Shireen Jaffer 31:05
I love that. And I love that you said that sentence around motivation versus discipline because I get asked all the time is How do you stay motivated constantly, and it’s, it’s, you know, I, I consider myself as a highly motivated person, but I have so many days and they’re cyclical, where you just have lows and you don’t want to do something. And that’s when you have to count on your discipline. To know that, even when I’m not feeling motivated, I’m still gonna show up because that’s just, it is discipline. It’s, it’s a, it’s a different feeling. It’s a different trait. I’ve met people who are very motivated and they want to do a bunch of things. And they have so much passion, but they don’t have the discipline to stick by it. And so their motivation doesn’t end up being leveraged in the right ways. And order in the waste that they wanted to want to use that. So I love that. When did you how when people come to you, because this happens to me a lot when people come to you and they have this passion that, you know, is, is stay or typical or they’re being stereotyped into not pursuing that passion. Because, you know, whether there’s not people that look like them that are pursuing that type of sport or hobby or whatever it may be. Maybe it’s a male dominated field, and it’s a woman that’s wanting to get involved with that. And maybe it’s related to age, build, whatever it may be, when they come to you and they say, you know what, my, I don’t have a community, like in you know, powerlifting you had a community of all shapes and sizes, people came together, there was this vibe to it that immediately made you feel welcome. When you’re working with people who don’t necessarily have that community, and they need to either find it within themselves or they need to seek out people, individuals. I can help them. What’s your advice to those people?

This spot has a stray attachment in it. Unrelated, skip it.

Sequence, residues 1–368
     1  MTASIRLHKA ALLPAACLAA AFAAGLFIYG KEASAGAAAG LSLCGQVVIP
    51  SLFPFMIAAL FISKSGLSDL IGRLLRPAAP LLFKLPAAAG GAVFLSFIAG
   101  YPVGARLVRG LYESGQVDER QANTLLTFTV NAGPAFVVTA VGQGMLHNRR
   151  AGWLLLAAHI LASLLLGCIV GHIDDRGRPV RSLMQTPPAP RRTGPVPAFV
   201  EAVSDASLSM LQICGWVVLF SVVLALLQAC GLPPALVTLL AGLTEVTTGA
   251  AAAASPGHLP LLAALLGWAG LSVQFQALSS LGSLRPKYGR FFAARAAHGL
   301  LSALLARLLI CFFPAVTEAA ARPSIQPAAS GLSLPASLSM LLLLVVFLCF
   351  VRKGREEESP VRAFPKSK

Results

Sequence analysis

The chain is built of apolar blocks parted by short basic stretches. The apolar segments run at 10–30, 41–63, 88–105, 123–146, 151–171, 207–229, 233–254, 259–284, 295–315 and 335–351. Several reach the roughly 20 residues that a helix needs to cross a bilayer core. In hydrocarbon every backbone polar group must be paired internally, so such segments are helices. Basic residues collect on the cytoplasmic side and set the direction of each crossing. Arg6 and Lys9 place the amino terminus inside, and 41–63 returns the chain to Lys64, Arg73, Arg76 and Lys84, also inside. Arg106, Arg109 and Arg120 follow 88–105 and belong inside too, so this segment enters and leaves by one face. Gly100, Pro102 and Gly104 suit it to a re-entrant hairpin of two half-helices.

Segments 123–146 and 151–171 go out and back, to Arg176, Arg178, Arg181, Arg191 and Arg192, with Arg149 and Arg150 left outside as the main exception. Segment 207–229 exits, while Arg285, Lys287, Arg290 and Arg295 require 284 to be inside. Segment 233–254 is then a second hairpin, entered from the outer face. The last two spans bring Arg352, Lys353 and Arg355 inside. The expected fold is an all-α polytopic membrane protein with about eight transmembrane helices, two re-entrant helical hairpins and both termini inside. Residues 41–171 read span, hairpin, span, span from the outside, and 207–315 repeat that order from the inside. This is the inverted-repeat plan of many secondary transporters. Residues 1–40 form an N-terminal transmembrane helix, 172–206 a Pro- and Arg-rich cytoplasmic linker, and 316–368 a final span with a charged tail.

Emily Adams 33:03
Yeah, so my first thought was build your own tribe. And I say this and yes, it’s not easy to build your own tribe. But you can do it. There are so many people that started out the exact same place those people are at. And right now it we live in such a virtual world, which is just incredible. You can find support systems all across the world, and especially even just in entrepreneur for me, like I find all these different groups that have supported me. And I found connections in these groups. So if you feel like you don’t have a tribe or a support system, go online, and I guarantee you can find a support system for whatever you are doing. If not start your own, and people will follow. It’s I know it’s it’s very uncomfortable. It is But there is support systems out there for everyone. But we also want to remind you to stay open to support. Because I struggled a lot with I would have people that would be like, hey, I want to support you. But independent me was like, No, I don’t need support, I can do it on my own until I got to the burnt out version of myself. And then I was like, you know, drowning in water here, like, I need help, like now. So just be open to the support as well.
Shireen Jaffer 34:33